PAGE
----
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This Week at Emily Lupita Studio: Fireworks

This week I finished a new painting in my Japanese kimono series. This one is called, “Fireworks.”

2-1 Fireworks Kimono

http://emily-lupita-studio.artistwebsites.com/featured/lupita-fireworks-emily-lupita-studio.html

This painting reminds me of the excitement I felt as a little girl in Iowa watching the fireworks on the Fourth of July each year & also of the amazing fireworks I saw at the summer festivals in my adopted hometown of Miyakonojo, Japan.

6-2 Fireworks Kimono Black Circles

http://emily-lupita-studio.artistwebsites.com/featured/lupita-fireworks-2-emily-lupita-studio.html

These paintings are part of a book I’m working on titled Long-sleeved Kimono that will feature haiku about Japanese culture along with my Japanese kimono paintings.

6-2-2 Fireworks Kimono Blue Squares

http://emily-lupita-studio.artistwebsites.com/featured/lupita-fireworks-3-emily-lupita-studio.html

Happiness,

-Emily Lupita

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Q & A: What type of paints do you use?

irodori paints

Q & A: What type of paints do you use?

I use a type of watercolor paint called Irodori Antique Japanese Watercolors. They are made in Japan by Holbein.

When I was living in Japan I fell in love with the fantastic contrast of patterns and colors in the traditional Japanese textiles used to make kimonos and yukatas (cotton summer kimonos).  I was looking for a way to paint my own vision of these vivid patterns and came across these watercolors at my local art store in the city of Miyakonojo, Miyazaki, where I was teaching English in an academic high school at the time. I had been using the Holbein watercolor paint set in traditional Western colors for several years at that point and got so excited about this particular Irodori color series as soon as I saw it.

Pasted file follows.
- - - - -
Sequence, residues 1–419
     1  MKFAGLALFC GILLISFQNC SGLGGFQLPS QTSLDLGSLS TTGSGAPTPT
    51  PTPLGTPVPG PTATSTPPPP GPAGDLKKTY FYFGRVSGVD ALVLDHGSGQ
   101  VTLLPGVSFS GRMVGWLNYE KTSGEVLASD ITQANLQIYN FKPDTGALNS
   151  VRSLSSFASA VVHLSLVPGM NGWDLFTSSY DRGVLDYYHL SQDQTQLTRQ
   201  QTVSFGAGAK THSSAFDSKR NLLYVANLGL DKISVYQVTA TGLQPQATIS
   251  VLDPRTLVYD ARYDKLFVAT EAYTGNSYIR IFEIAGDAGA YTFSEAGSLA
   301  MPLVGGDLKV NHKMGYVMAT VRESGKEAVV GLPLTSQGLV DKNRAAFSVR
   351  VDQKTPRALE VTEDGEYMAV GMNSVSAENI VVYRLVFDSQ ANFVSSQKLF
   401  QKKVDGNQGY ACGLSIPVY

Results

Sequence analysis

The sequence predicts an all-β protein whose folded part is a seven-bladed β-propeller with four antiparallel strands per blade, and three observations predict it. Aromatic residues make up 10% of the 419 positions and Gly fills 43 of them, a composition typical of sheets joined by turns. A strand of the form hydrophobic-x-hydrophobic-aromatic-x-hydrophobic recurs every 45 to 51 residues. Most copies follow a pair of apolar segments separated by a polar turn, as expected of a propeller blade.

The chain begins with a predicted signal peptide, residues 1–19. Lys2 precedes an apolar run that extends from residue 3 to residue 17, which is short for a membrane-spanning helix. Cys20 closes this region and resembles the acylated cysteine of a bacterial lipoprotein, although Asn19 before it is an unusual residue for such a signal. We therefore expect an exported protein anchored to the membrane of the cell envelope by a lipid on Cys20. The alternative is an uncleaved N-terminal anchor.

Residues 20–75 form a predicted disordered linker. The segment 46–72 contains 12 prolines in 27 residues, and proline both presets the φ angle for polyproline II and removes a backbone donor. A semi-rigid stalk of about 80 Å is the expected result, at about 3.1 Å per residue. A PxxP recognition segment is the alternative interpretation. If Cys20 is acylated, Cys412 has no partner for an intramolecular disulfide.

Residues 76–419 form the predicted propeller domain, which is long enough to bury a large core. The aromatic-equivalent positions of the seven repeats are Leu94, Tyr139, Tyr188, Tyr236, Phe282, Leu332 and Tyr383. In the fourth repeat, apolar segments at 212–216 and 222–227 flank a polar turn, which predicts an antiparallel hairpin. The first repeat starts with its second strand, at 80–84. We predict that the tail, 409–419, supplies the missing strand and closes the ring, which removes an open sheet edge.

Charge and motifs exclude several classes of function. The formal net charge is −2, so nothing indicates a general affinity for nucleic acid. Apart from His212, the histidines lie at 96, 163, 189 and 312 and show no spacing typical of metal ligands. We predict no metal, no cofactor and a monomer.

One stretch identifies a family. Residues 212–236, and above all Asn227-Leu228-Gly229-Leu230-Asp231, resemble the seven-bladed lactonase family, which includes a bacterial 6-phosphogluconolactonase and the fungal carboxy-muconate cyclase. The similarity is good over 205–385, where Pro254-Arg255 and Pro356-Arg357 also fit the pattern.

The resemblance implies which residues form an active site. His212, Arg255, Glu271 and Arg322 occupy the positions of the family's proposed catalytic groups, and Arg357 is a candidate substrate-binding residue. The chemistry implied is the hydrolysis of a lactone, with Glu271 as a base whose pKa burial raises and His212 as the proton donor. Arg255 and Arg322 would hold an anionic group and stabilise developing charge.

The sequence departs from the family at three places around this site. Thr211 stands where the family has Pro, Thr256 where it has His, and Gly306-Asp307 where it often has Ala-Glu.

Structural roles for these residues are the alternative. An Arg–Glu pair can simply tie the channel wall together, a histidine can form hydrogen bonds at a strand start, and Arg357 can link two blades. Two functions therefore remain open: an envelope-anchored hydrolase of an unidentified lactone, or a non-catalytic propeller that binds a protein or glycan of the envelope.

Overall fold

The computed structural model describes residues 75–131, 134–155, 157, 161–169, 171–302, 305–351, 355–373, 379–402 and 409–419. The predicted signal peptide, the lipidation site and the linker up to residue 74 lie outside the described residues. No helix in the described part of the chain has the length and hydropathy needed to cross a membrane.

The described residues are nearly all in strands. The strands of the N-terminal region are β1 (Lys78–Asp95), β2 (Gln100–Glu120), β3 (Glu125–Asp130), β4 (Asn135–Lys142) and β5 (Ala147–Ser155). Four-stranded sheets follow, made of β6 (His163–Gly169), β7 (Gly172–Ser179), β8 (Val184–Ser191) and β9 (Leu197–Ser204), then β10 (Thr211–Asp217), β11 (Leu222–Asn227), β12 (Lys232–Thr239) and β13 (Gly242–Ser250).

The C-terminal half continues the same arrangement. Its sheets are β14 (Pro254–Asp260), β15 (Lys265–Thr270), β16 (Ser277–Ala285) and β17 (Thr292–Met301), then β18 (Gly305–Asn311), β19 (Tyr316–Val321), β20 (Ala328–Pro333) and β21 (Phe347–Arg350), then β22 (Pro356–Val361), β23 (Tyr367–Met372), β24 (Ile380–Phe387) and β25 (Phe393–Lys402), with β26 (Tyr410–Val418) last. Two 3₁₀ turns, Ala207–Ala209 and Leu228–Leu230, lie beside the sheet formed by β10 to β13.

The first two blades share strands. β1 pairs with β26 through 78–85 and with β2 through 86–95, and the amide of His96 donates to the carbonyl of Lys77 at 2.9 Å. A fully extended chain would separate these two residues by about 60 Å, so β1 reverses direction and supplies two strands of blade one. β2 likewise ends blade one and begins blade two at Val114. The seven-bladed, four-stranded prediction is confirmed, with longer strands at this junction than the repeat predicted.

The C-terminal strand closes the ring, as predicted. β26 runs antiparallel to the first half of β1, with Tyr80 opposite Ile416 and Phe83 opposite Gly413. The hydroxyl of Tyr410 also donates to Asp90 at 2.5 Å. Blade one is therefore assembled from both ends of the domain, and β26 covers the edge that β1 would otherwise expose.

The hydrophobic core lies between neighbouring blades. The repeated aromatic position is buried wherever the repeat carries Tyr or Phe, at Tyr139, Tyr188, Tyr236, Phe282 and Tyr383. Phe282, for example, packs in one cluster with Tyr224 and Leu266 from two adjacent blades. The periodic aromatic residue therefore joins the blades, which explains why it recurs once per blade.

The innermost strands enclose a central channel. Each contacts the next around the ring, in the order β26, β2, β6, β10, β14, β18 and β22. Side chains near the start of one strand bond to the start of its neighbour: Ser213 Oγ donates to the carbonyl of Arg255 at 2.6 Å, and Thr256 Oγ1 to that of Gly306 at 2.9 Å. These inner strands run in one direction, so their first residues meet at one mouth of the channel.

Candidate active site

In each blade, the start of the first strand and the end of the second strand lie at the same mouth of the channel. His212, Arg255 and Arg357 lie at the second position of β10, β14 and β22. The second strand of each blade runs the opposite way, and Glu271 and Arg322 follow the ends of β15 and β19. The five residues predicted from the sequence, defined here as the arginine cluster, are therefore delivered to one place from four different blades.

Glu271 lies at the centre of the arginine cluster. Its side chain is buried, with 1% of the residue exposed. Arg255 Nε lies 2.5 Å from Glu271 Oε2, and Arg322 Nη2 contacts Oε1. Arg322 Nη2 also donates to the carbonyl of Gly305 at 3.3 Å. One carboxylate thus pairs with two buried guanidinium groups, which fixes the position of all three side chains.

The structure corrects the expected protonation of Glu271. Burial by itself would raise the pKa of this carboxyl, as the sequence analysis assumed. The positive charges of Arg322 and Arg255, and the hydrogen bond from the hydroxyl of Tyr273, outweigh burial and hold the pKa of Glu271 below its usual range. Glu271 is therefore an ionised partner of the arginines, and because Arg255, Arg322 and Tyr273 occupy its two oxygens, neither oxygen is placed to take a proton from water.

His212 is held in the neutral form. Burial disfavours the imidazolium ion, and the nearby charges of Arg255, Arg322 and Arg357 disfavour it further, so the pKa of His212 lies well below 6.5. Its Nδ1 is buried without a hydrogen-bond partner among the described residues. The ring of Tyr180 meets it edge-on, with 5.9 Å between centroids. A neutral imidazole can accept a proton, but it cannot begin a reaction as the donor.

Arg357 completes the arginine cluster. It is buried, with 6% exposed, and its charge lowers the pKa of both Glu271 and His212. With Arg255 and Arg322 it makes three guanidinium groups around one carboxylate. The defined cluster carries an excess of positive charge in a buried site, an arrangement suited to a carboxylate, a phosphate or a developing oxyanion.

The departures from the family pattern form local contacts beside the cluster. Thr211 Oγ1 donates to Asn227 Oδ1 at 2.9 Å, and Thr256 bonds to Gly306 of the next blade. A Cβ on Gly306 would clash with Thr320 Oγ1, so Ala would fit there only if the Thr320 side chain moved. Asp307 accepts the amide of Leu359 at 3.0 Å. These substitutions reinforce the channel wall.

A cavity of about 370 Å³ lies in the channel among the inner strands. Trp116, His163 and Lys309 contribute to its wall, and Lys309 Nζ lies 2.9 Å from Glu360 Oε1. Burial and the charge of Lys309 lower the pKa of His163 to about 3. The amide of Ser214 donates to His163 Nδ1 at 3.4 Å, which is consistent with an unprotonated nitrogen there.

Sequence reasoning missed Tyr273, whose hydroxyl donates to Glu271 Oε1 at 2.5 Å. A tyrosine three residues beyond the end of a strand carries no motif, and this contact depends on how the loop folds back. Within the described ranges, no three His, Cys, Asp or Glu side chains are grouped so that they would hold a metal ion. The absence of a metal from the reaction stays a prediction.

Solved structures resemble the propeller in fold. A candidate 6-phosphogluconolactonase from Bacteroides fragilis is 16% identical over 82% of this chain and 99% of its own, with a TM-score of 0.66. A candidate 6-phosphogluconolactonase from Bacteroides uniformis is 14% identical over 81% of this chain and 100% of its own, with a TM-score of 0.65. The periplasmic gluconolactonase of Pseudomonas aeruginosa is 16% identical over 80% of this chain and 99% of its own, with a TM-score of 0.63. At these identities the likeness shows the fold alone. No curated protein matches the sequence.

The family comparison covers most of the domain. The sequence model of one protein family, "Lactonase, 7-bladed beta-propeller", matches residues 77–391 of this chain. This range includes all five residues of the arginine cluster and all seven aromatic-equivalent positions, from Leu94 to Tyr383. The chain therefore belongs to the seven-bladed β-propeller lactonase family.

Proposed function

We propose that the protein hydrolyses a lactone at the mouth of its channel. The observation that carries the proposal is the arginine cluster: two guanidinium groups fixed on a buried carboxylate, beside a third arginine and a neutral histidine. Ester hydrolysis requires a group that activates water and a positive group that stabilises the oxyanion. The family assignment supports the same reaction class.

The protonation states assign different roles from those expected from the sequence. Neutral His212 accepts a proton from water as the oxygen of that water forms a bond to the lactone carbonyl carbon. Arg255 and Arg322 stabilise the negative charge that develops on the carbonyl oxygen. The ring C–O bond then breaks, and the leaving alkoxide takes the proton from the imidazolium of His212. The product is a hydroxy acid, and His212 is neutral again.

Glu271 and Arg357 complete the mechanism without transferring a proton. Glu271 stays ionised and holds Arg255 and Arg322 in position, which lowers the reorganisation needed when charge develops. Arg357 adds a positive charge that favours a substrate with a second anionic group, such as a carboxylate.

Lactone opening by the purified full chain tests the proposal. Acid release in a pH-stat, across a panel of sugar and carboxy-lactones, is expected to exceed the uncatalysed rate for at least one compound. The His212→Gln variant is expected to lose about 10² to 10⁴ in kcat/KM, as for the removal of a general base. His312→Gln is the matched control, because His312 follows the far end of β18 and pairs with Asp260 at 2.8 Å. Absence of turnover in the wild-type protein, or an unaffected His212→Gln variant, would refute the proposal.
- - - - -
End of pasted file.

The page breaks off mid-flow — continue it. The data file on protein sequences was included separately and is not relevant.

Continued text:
This is the description of the paints on one of my boxes:

“Ancient oriental watercolors are characterized by their delicate hues. Now today’s artist can journey back into time to create with the same timeless palette used by Japanese and Chinese artists 15 centuries ago. Delicate and harmonious, the 48 Irodori colors are created using pure pigment in gum arabic for clean, crisp results that won’t darken or muddy. Highly saturated, they granulate very freely, and are more opaque in the true Asian fashion.”

Sure enough, once I started using this Irodori set in the antique colors, I knew this was the paint for me. That was more than a decade ago and I’m still using the same paints. I’ve had to refill a couple times, but lucky for me Dick Blick Art Supplies carries the series and I can re-order online instead of traveling back to Japan. Although…it would be a wonderful excuse to get to return to the land of the rising sun.

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Q & A: Who is the character in your watercolor paintings?

Who is the character in your watercolor paintings?

Her name is Lupita and she is a representation of women & girls across the world who seek out beautiful moments. I have several different collections of Lupita paintings reflecting the many sides of my Lupita character.

The Lupita on a Journey collection is my main collection and is inspired by the Japanese ancestor doll, where the viewer imagines the face of a loved one inside the blank face of the doll.

Japanese doll 1

Other collections include the Lupita Sisters, Lupita Portraits, Lupita Dreams, and the beloved Lupita Monsters, who are full of mischief and often broken-hearted, a compliment to the sweeter Lupita versions.

5-1 Lupita Wings Blue Purple Rainbow

This painting is part of a series I made in the Lupita on a Journey collection of Lupita with wings in different designs and colors. As you can see here, the years I lived in Japan have influenced my artwork a great deal, especially in terms of space and pattern.

[Japanese doll photo taken by Emily Lupita Plum-Guclu at a private home exhibit in Miyakonojo, Japan, 2003]